69th General Assembly

Denver, Colorado

October 18 – 22, 2013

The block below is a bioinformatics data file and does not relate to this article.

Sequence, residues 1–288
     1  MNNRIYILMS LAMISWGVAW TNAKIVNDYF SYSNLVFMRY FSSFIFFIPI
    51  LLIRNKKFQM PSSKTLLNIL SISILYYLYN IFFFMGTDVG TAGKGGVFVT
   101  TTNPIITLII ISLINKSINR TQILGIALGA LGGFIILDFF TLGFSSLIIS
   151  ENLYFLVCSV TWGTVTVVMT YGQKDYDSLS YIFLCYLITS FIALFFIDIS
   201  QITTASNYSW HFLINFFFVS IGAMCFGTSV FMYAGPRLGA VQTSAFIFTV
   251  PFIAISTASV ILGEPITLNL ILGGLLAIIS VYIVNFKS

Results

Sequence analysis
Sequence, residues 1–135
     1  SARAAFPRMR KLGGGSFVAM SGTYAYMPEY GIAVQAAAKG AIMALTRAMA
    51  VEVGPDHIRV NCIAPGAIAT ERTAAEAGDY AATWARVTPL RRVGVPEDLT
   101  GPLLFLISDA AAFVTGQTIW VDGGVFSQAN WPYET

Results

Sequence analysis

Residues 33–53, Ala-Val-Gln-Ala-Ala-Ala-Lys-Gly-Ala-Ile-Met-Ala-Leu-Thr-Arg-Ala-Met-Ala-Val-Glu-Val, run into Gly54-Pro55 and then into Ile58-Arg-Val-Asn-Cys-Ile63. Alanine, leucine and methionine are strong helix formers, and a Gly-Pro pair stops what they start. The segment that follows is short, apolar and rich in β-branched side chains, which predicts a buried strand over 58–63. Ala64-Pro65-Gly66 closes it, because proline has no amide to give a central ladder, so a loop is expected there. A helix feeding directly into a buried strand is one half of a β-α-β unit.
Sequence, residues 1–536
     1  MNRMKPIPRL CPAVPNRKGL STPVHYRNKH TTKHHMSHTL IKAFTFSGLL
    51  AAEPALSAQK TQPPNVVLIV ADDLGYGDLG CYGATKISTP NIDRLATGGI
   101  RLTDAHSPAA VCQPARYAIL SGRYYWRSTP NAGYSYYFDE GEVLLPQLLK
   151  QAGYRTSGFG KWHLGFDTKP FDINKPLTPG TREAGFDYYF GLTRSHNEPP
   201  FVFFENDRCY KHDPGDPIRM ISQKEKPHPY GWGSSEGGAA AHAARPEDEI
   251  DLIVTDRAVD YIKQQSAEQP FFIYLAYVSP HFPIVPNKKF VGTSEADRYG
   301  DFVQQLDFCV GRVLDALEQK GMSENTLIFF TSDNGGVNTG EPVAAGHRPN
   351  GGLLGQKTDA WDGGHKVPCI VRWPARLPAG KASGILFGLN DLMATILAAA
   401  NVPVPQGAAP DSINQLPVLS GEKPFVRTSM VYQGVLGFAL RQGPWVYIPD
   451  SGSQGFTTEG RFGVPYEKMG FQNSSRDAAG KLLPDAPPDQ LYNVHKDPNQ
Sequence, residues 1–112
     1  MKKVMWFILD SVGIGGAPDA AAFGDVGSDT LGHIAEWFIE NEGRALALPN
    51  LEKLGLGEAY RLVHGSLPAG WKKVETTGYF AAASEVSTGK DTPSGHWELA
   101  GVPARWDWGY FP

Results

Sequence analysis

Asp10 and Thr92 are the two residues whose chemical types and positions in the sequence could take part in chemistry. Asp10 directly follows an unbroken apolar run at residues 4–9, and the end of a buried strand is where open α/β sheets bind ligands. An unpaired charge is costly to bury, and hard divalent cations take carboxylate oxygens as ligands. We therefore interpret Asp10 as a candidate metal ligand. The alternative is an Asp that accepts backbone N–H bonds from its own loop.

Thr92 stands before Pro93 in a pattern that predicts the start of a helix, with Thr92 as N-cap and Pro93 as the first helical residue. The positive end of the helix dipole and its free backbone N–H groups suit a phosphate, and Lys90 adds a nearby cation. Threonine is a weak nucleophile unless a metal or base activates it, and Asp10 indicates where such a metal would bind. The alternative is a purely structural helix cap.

There has been no end in this period to the climate of lack of safety of the press, the abduction and murder of journalist Aníbal Barrow in San Pedro Sula standing out. Some of the alleged perpetrators have been arrested, but not the mastermind. Since 2003 there have been 36 murders of journalists, only one has come to trial and resulted in a conviction, which means that 99% of the cases remain unsolved. The government is maintaining in effect arbitrary instructions that restrict access to public information, particularly in the Security Ministry where information is denied and this is limited to occasional bulletins issued by the ministry’s Public Relations Office. Added to this is a government discourse that for months was an open confrontation with news media, in promoting from the executive branch of government the “Telecommunications Sector Umbrella Law” which contains elements that violate principles of freedom of expression and infringe human rights such as free assembly, the right and access to work, and the right to private property, among others. The bill was tabled in the National Congress and its discussion was aborted by the execution of a “self-regulation” pact subscribed to by some news media. That law was one of the things that motivated an official IAPA mission to Honduras, which was fundamental for the passage of this bill to be suspended. The government of Honduras has not complied with commitments made at the national and international levels, including those proposed by the IAPA on mechanisms for the protection of journalists. The most relevant cases in this period: In May Elías Chahin, president of the Association of Independent Radio and Television Stations of Honduras, was beaten up by several individuals on leaving a radio station. Chahin was opposed to the Telecommunications Sector Law and attributed the attack to his position on that. He also reported that his home was attacked some days before by people who intended to set it on fire. A press team from the TV channel Hable como Habla (Speak As You Would Speak) suffered a criminal attack in the city of La Ceiba at the hands of hitmen riding motorcycles who shot nine times at the vehicle in which were traveling reporter Ramón Maldonado and his cameraman, but neither was injured. Maldonado said the attack on him “could be linked to reports about the local mayor’s office.” Subsequently other members of that channel have also received death threats. On June 24 the abduction occurred of journalist Aníbal Barrow of Globo TV. His dismembered and burned body was found on July 9. Following the murder the IAPA insisted on the urgent need to create a system of protection of journalists. Barrow, 58, was an agricultural engineer and professor of Economy at the Universidad Nacional Autónoma de Honduras university in San Pedro Sula. On July 16 journalist Mario Castro, with the program “El Látigo Contra La Corrucpión” (The Anti-Corruption Whip) broadcast by Globo TV, reported having received several text messages in which he was threatened with facing the same fate as his colleague and friend Aníbal Barrow. In July journalist Joel Coca, correspondent of Canal 11 television and host of the program “Más Noticias” (More News) on Multi Cable in Puerto Cortés, was attacked on leaving work by two persons, who hit him with a bat and declared that “they had been sent only to beat me up.” Coca later left the country, citing lack of guarantees for his personal safety and threats to his family. In September journalists from El Heraldo reported that they were the object of threats by security staff of the Escuela Hospital in Tegucigalpa, who said they had received “orders from above to follow the staff of the news media outlet” and prevent them from doing their job. In October journalist Esdras Amado López, news director of Canal 36 television in Cholusat Sur, said he had received a phone call from a senior government official warning him there was information that his name was on a list of people against whom there could be attacks and that he should take due steps for his protection. López also reported that he had not received any kind of protection from the authorities.